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Bill C 69 given a rough welcome at Calgary Senate committee hearing

first_imgCALGARY, A.B. – A federal bill to change the way Ottawa assesses major energy projects is getting a rough ride in Calgary.Representatives of Canada’s biggest oil and gas companies took turns demanding major changes to Bill C-69 before a Senate committee making a Calgary stop on a cross-Canada series of hearings that started in Vancouver on Monday.Meanwhile, hundreds of people rallied outside the downtown hotel where the hearing was taking place, chanting “Kill that Bill” and waving signs _ a scene that is becoming typical whenever federal politicians come to Calgary. Senate energy committee chairwoman Rosa Galvez says she believes the testimony senators have been hearing will turn into amendments by the time it is scheduled to give its report to the Senate by May 9.Spokespeople for large oilsands producers Canadian Natural Resources Ltd., Suncor Energy Inc., Imperial Oil Ltd. and Cenovus Energy told the hearing they support the intent of the bill to improve the regulatory process but only if sweeping amendments proposed by the Canadian Association of Petroleum Producers are adopted.CAPP is urging changes that prevent public policy debates from being part of project assessments, that intervention be restricted to those directly affected or those with expertise, that timelines be firmly enforced and that government ministers’ broad discretionary powers be limited.“With amendments _ and they’re common sense amendments, they’re not drastic, they’re just common sense, clarifying amendments _ we can make this bill workable,” said Steve Laut, executive vice-chairman of Canadian Natural.“We can get premium products from Canada on the global market, which will reduce greenhouse gas emissions globally. And I think that’s important.”last_img read more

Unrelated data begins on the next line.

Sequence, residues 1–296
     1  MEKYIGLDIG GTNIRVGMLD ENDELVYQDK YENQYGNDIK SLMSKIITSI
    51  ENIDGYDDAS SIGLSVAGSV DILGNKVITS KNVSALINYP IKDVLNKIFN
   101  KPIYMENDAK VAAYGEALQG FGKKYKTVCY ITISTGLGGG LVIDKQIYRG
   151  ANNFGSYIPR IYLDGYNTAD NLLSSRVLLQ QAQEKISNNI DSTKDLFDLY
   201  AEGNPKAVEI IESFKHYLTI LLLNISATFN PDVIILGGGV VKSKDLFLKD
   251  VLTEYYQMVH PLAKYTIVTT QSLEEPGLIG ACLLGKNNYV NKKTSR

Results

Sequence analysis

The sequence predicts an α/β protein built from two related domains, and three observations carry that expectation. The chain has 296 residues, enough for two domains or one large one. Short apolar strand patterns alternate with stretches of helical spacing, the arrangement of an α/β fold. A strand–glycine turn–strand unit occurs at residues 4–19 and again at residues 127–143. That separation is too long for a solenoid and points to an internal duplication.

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East Bypass Road will be renamed to Northern Lights Drive effective June

first_imgWith this approval, the City is now moving forward to complete the road renaming and addressing changes as required.In April, the City sent letters by registered mail to all property owners notifying them of this change as it will have an effect on their current address.If you are a property owner and did not receive a letter, you can contact the Planning and Engineering Department at 250-787-8150. FORT ST. JOHN, B.C. – Starting tomorrow, June 26, the road known as the East Bypass Road will be renamed to Northern Lights Drive.According to the City, since there has been steady residential growth and development close to the road, it no longer functions as a bypass road to re-direct traffic around the City and away from urban development.Although the majority of the road is now within City boundaries, the City received approval from the Ministry of Transportation and Infrastructure to proceed with the road renaming on that portion of the road.last_img read more

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KMDA to repair Sealdah flyover soon

first_imgKolkata: The consulting agency engaged by Kolkata Metropolitan Development Authority (KMDA) to do the health study of Sealdah flyover, popularly known as Vidyapati Setu, has stated that the bridge is in need of repair.”The preliminary report has pointed out that the Sealdah flyover is in need of repair. But the condition is not such that it needs immediate work. We have sought a detailed report from the consulting agency, in which they will specify the areas that need to be repaired,” state Urban Development minister Firhad Hakim said. Also Read – Bengal family worships Muslim girl as Goddess Durga in Kumari PujaHakim has already brought the report to the notice of Chief Minister Mamata Banerjee. A senior KMDA official said that the detailed report will be submitted in the month of July and the tender will be floated for repair of the bridge. “There are seven other bridges for which we have already engaged a consultant and their health study is going on in full swing,” the official said. The flyover, set up in the late 1970s, is one of the busiest in the city. It may be mentioned that soon after the caving in of Majerhat bridge in September last year, the state government had prepared a list of 15 bridges for structural health audit. The list included Dhakuria bridge, Bijon Setu, Auro- bindo Setu, Chetla bridge, Kalighat Bridge, Durgapur bridge and Sealdah flyover among others.last_img read more

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Bradley Roby Ohio State see the sun roll to 60